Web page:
Living shorelines are nature-based erosion control techniques. Living shorelines are not a new concept, though they are new to Connecticut and the Northeast. As much of the State’s shoreline is armored with hardened structures, there is a growing interest in preserving the natural elements of the shore while also providing protection from erosion.
This interest can be found even within state government; after significant storms struck Connecticut, the CT Legislature passed Public Act (12-101) (2012): An Act Concerning the Coastal Management Act and Shoreline Flood Erosion Control Structures. This Act calls for consideration of alternatives to hard shoreline armament, like living shorelines. With this specific law in place, there is an urgency to fully understand the science and policy issues surrounding living shoreline deployment in Connecticut. CIRCA is actively working in Connecticut and regionally to provide the necessary information to successfully implement living shorelines where appropriate, across the state.
Living shorelines can be an excellent alternative to hard structures at the coast for a variety of reasons. Importantly, hard structures (e.g. bulkheads, revetments, seawalls, etc.) are often damaging to a coastline. These types of structures can increase erosion at the shore, inhibit natural coastal processes, and destroy natural habitat for fish, animals, and plants. Where hard structures ‘fail,’ living shorelines succeed. Living shorelines mimic natural settings and have many positive co-benefits to erosion control, including but not limited to: habitat creation, water quality enhancement, and maintaining natural coastal processes.
Living shorelines are built, and may include some hardened elements (hybrid approaches). See photos for different types of living shorelines.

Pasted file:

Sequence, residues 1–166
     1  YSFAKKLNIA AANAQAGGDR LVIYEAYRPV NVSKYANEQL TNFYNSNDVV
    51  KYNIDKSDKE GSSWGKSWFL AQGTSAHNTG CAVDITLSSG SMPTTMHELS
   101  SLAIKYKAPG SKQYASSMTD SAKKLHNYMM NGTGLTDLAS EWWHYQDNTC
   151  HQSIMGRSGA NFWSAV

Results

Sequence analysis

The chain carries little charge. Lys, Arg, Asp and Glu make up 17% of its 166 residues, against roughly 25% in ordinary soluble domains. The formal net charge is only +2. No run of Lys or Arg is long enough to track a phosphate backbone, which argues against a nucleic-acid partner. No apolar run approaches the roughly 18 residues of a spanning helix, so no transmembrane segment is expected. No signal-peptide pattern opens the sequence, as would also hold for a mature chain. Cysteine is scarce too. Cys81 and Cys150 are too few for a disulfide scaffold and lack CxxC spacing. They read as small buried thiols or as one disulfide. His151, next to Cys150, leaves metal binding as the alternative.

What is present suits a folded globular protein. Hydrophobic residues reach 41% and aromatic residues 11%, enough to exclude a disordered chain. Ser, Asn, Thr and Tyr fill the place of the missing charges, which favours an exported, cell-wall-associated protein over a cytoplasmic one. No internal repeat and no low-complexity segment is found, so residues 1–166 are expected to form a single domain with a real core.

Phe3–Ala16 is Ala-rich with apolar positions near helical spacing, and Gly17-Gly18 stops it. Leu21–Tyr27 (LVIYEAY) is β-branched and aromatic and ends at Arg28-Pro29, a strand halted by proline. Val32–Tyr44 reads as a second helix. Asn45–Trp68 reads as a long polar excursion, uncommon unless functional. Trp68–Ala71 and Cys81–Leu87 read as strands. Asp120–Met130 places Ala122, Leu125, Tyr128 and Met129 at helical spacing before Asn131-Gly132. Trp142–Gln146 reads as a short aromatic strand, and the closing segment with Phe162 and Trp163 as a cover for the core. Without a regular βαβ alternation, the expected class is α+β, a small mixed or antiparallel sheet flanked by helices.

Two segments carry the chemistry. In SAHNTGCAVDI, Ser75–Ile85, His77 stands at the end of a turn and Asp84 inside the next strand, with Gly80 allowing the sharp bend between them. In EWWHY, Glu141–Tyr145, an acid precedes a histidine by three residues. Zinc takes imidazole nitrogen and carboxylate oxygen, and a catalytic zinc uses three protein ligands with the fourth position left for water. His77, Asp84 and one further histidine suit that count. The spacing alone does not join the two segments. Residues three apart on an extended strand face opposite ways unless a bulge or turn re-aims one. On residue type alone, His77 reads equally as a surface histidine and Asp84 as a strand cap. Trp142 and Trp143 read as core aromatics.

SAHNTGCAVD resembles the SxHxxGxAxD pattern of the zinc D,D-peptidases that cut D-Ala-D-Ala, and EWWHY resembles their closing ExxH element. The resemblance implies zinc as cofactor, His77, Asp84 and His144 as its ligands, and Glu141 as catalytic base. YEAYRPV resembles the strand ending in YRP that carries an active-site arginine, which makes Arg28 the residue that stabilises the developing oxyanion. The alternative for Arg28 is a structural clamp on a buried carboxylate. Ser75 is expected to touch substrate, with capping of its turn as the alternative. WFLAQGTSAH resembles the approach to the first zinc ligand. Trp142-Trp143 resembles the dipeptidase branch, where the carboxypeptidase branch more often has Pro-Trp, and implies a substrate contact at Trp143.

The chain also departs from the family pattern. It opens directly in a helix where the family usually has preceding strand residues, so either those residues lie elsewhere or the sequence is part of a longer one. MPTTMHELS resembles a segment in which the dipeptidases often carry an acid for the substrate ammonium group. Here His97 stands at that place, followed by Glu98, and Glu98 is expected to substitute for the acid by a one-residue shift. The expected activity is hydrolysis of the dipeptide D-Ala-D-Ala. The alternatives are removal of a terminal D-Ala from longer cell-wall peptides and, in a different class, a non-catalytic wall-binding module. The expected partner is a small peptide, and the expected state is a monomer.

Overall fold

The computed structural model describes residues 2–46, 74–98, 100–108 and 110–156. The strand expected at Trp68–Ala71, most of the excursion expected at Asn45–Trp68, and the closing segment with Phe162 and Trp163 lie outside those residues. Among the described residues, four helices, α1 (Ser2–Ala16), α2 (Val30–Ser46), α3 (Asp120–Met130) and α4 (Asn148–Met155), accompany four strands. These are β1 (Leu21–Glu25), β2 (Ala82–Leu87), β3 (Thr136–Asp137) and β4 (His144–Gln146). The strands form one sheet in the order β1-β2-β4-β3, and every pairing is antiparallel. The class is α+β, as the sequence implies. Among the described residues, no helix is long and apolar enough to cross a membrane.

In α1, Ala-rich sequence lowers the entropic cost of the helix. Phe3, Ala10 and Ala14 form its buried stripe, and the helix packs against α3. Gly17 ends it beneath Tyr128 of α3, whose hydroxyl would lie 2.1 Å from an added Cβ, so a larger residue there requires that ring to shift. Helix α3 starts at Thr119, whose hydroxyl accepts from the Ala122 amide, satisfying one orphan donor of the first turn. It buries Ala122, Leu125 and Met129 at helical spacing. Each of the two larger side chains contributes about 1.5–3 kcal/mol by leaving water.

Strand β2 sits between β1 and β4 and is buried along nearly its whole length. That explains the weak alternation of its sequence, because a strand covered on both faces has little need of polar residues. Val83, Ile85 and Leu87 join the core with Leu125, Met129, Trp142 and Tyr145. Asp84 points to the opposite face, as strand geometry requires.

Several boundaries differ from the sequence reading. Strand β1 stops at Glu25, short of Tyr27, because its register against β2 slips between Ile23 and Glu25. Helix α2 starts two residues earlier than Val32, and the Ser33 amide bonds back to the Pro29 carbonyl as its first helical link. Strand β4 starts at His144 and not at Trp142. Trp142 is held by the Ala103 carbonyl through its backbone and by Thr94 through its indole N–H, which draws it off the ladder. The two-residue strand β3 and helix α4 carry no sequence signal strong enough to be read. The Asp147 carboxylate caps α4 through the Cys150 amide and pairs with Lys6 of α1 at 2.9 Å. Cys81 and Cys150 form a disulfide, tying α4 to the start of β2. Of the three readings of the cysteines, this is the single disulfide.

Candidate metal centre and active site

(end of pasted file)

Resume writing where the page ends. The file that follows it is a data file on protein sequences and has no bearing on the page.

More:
CIRCA and Living Shorelines
CIRCA’s research projects are intended to better understand the application of living shorelines as an erosion control technique in the State. Little is known on what to site, where to site, or how to site, in terms of the use of this technology in Connecticut. CIRCA will work to advance the general understanding of living shorelines as well technical aspects. As living shorelines are a relatively new erosion control method in the State and region, CIRCA will work to increase public awareness in Connecticut and with regional partners.
CIRCA Research Projects
CIRCA’s current research projects in the area of living shorelines are listed below.
The NOAA Coastal Resilience Networks: “Enhancing Coastal Resilience in Connecticut” project provided wave information for the harbors in Old Saybrook and New Haven, a review of design guidelines and tools for site assessment of living shorelines, and an online map viewer.
The Scoping of Dredge Material Islands and Wetlands for Green Infrastructure Resiliency Projects Along the Connecticut Shoreline in Fairfield and New Haven Counties project will provide design guidelines and a regulatory framework for creating wetlands from dredge materials in Connecticut to increase shoreline resiliency.
The Advancing High Resolution Coastal Forecasting and Living Shorelines Approaches in the Northeast advances northeast regional forecasting for inundation from storms under future sea level rise scenarios and identifies policy barriers and potential solutions for the use of living shorelines in the northeast.
CIRCA/Restore America’s Estuaries Living Shorelines Conference: “Living Shorelines: Sound Science, Innovative Approaches, Connected Community.”
On December 1 and 2 living shorelines practitioners from around the country met in Hartford, Connecticut for a first-ever national living shorelines summit. The summit was jointly sponsored by Restore America’s Estuaries and the Connecticut Institute for Resilience and Climate Adaptation (CIRCA). The event drew nearly 300 researchers, government employees, engineers, students and others, the two-day event covered both the national and regional landscapes. Day 1 had a national focus. Presenters explored groundbreaking science, forward-looking permitting, effective outreach and education strategies, and innovative finance mechanisms. On Day 2 conference participants broke down by region to discuss relevant successes, challenges, and solutions to advance the deployment of living shorelines in their home states.